Mitch Ryder said there’s a reason why good music comes out of cities that historically are economically strapped and crime-ridden, like Detroit.
The 69-year-old rock ‘n’ roll singer and Michigan native said, “Basically, you want to find a way out, and if you sing well, play an instrument well or can play sports, you have a chance.”
Ryder, who performs Wednesday night as part of the Woodystock 2014 Happy Together Tour at Huntington’s Big Sandy Superstore Arena, said it’s always been that way and sometimes the tougher the town, the better the quality of artist.
“We’ve had good performers come out of Detroit on a regular basis.”
The list speaks for itself and includes everybody from Ryder and Martha and the Vandellas to Ted Nugent and Bob Seger to Jack White and Eminem.
Ryder laughed and said, “There’s been more since them. Jack White has been around for a while now.”
Seeing artists go from almost nothing to stars is a good thing, he said. It gives people hope and something to aspire to, particularly when they come from those same neighborhoods.
“But it’s disheartening when they become celebrities and behave badly. It takes away from the fun of it.”
Ryder had his run at stardom back in the ’60s with a couple of hits, including “Too Many Fish in the Sea” and “Devil with a Blue Dress On.” But he stepped away from fame in the mid-1970s.
“I moved out to a ranch in Colorado and stayed with my sister for a while,” he said. “I lived in Denver and a couple of other places.”
He still played and worked with a band, but stuck to mostly performing at charity events, hospitals and prisons.
“That was really satisfying,” Ryder said. “People at those institutions, they helped satisfy my need to please people, my need to make people happy.”
He didn’t really come back to the public eye until the ‘80s, after John Mellencamp produced a record with him called “Never Kick A Sleeping Dog.” Even then, his career hasn’t been as big as some of his contemporaries.
Ryder has worked steadily, often in Europe, and recorded every now and then, but the pace has been more leisurely.
“I put my family first,” he said. “Even though I enjoy what I do for a living, it isn’t the most important thing to me.”
It was how he was raised and what he saw. Ryder’s father was a performer, too. Ryder said he maybe could have been a star.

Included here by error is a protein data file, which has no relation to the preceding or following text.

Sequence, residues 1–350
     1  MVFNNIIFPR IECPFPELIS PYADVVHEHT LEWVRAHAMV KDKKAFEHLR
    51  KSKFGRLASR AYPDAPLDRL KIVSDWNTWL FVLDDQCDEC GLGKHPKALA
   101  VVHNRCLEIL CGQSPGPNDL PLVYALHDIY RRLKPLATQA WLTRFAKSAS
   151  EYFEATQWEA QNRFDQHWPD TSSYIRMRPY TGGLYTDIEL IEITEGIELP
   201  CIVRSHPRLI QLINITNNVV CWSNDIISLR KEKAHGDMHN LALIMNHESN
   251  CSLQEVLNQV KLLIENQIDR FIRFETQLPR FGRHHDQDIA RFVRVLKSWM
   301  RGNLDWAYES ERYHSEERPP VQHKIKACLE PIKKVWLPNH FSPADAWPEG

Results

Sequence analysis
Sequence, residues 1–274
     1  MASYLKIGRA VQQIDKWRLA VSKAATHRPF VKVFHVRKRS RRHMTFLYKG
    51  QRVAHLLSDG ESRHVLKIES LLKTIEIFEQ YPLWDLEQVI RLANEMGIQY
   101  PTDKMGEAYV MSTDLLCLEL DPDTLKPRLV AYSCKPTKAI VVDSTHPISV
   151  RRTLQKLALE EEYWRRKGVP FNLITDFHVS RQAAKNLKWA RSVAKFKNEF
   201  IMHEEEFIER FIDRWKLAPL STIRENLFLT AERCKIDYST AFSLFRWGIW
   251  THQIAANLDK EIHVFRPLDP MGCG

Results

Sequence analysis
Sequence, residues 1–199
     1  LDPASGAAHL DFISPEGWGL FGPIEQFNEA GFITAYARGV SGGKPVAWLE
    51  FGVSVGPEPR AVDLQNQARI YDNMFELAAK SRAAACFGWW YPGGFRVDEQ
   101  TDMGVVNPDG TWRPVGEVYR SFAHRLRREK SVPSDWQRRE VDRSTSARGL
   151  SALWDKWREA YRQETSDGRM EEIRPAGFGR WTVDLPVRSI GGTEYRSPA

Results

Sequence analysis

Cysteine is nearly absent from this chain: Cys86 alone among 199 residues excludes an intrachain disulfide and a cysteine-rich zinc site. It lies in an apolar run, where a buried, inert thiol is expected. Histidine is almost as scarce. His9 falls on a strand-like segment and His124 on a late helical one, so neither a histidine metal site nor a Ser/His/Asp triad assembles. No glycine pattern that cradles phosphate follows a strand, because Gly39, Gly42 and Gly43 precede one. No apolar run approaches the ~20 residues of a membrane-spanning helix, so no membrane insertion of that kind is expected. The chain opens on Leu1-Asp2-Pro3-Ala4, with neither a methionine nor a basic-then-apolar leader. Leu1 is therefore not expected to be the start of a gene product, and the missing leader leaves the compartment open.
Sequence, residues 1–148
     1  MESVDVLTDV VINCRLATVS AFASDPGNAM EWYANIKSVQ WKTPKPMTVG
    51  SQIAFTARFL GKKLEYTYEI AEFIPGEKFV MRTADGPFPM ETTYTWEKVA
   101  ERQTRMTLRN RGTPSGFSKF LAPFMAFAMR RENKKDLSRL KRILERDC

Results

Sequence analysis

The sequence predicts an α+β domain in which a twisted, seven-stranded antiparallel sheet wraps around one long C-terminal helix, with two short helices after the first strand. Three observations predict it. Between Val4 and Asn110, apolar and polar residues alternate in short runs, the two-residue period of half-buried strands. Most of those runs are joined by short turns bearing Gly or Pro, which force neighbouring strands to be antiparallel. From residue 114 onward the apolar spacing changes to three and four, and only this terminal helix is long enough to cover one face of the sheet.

“One night my father came home from work,” he said. “My mother had a bunch of his fan mail on the floor with her. A couple of us kids were around, and she was holding a match over the letters.”
Ryder said his mother told his father that he had to make up his mind about whether he wanted to raise this family he’d started and pay the bills or go out and try to be a star.
He gave up music — or at least his dreams of stardom.
Ryder said, “He sort of lived vicariously through me after I got my celebrity.”
Ryder is doing the same with his own kids. Two of his children are into music, and he’s watching them, seeing them try to put together their own careers.
“They haven’t got to where I was,” he said. “But it’s something to work toward.”
It may take a while. Ryder is frequently mentioned as a musical inspiration for blue collar rockers like Bruce Springsteen and John Mellencamp.
The singer shrugged it off and said he takes those kind of pronouncements with a grain of salt.
“I don’t want to get the big head,” Ryder said. “It’s nice to get those comments, but I don’t use them to push forward my career. I think it’s an honor when someone like Bruce Springsteen or John Mellencamp goes out on a limb for me, but I can’t put a lot of value with it.”
Instead, he’d rather people just come out to hear him.
His family is important, but Ryder loves what he does. He likes being in front of a crowd and still feels like he has something creative and entertaining to offer.
“It’s not work,” he said. “I don’t have a job. It’s just fun.”
Reach Bill Lynch at firstname.lastname@example.org or 304-348-5195 or follow @LostHwys on Twitter.